The role of revascularization in transmetatarsal amputations

Javier La Fontaine, Alex Reyzelman, Gary Rothenberg, Khalid Husain, Lawrence B. Harkless

Research output: Contribution to journalArticlepeer-review

28 Scopus citations


Data from 37 patients who underwent a transmetatarsal amputation from January 1993 to April 1996 were reviewed. The mean age and diabetes duration of the subjects were 54.9 (± 13.2) years and 16.6 (± 8.9) years, respectively. The follow-up period averaged 42.1 (± 11.2) months. At the time of follow-up, 29 (78.4%) of the 37 patients still had foot salvage, 8 (21.6%) had progressed to below-the-knee amputation, and 15 (40.5%) had undergone lower-extremity revascularization. Twelve (80%) of the 15 revascularized patients preserved their transmetatarsal amputation level at a follow-up of 36.4 months. The authors concluded that at a maximum of 3 years follow-up after initial amputation, transmetatarsal amputation was a successful amputation level.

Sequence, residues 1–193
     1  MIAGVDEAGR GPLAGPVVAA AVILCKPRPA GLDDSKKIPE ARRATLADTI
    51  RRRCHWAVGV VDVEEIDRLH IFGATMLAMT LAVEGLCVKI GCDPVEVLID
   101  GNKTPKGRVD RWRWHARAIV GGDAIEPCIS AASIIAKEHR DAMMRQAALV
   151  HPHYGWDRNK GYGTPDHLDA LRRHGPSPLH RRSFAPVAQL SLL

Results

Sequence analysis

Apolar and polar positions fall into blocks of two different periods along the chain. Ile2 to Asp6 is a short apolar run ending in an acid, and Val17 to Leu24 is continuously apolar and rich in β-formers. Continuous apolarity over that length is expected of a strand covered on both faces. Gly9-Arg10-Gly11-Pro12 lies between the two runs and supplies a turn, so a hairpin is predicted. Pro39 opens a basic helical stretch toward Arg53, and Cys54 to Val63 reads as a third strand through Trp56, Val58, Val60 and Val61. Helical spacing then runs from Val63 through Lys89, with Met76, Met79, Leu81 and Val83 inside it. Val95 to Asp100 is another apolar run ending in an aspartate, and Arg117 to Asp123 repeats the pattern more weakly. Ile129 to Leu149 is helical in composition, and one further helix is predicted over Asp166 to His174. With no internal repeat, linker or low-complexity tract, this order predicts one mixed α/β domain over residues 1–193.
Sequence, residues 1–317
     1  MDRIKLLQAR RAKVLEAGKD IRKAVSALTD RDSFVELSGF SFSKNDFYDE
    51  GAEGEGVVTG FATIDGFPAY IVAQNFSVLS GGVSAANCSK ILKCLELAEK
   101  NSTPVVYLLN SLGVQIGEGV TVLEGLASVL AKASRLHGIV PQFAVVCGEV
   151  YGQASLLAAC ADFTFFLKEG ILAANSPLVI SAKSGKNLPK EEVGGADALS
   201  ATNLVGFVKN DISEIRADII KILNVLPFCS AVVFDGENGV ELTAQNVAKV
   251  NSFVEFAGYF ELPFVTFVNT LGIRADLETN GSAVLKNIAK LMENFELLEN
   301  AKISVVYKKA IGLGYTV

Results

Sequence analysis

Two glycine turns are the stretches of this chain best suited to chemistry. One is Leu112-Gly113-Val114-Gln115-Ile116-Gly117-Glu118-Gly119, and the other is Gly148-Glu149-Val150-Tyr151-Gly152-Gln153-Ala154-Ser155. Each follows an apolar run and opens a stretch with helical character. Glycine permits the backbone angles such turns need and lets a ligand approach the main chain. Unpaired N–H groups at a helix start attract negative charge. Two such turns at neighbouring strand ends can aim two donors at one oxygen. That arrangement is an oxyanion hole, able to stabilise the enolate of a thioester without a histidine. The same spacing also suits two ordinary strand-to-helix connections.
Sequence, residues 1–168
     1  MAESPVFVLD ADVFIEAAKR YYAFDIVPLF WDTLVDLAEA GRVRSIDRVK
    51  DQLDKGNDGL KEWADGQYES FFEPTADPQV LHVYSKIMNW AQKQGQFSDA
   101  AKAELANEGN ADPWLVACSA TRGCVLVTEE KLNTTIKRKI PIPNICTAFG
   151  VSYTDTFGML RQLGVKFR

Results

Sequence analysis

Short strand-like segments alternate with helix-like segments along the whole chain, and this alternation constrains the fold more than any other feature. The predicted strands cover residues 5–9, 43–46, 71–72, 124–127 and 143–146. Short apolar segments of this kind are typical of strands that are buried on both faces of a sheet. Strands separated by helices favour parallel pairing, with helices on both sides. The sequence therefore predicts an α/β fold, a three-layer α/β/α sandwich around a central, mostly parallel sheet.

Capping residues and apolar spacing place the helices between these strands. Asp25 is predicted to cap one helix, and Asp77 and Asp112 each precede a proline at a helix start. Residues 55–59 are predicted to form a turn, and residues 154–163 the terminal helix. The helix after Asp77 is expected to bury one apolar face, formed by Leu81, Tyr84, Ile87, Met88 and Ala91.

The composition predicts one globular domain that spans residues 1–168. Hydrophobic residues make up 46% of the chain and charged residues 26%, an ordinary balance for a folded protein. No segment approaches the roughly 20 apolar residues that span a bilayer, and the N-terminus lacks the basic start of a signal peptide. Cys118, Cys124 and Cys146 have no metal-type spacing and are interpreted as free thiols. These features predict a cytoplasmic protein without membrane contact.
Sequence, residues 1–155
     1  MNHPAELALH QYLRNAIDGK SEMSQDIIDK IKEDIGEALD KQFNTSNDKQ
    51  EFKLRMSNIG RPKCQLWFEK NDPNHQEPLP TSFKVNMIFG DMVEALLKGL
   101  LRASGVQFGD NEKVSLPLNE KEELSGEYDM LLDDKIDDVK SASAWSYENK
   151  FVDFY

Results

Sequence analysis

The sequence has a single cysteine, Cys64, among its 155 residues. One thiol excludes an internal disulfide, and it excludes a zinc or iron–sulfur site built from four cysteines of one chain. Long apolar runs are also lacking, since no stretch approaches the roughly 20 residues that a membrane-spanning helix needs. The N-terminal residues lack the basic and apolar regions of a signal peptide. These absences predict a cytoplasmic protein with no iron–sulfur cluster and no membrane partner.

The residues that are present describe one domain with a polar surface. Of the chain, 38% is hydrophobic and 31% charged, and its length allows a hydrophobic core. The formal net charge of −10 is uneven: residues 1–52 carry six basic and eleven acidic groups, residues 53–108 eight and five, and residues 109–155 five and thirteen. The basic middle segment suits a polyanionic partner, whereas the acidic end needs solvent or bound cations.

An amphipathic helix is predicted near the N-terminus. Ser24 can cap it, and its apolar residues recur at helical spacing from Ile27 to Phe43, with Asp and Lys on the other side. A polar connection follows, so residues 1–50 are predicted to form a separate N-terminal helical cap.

Original languageEnglish (US)
Pages (from-to)533-535
Number of pages3
JournalJournal of the American Podiatric Medical Association
Issue number10
StatePublished - Jan 1 2001

ASJC Scopus subject areas

  • Podiatry
  • Orthopedics and Sports Medicine


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